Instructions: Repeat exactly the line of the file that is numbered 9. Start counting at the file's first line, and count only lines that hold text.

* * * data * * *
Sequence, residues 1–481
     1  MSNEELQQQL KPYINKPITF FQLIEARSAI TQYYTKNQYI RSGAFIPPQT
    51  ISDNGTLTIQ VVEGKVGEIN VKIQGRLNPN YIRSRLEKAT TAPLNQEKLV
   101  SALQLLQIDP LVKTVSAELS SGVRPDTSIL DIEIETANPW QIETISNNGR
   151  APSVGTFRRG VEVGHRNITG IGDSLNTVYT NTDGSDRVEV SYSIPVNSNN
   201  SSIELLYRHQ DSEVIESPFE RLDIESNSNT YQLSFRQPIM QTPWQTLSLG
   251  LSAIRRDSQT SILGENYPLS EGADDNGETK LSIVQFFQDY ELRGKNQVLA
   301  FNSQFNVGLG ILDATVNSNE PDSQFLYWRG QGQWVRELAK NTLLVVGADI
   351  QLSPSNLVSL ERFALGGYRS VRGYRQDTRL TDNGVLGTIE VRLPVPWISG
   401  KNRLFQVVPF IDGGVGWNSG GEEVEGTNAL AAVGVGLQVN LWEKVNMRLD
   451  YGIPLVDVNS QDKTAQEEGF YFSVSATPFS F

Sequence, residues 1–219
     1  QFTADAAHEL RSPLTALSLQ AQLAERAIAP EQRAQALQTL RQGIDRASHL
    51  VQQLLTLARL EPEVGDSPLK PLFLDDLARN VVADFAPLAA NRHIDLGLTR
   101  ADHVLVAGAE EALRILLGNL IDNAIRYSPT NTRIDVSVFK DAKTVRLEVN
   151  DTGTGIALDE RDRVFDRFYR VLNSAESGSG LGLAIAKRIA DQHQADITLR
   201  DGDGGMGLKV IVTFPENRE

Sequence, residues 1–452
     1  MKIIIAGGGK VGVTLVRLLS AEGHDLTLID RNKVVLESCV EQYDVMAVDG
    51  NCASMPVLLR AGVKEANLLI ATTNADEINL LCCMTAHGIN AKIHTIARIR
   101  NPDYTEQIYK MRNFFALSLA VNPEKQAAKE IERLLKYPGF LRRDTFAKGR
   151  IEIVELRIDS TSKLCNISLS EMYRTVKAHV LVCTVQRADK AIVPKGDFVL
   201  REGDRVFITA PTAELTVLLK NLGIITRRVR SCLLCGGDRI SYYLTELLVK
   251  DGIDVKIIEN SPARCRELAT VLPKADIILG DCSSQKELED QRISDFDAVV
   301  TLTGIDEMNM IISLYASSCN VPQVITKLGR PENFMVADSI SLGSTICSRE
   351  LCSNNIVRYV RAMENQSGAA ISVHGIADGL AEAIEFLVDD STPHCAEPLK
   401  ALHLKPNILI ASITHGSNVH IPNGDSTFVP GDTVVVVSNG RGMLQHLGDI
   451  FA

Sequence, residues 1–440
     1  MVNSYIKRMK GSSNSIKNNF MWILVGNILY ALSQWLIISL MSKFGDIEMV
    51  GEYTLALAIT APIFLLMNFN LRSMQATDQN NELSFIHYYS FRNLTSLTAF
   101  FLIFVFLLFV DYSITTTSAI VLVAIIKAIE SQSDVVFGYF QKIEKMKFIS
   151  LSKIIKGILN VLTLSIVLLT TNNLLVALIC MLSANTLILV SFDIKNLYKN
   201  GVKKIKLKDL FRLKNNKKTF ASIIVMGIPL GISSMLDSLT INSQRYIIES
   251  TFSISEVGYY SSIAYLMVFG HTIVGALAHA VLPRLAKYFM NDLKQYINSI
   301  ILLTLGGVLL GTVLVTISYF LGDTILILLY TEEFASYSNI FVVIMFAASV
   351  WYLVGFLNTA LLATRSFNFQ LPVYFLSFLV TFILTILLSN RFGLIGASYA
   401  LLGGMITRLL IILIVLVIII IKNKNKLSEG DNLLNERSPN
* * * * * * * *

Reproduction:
   351  QLSPSNLVSL ERFALGGYRS VRGYRQDTRL TDNGVLGTIE VRLPVPWISG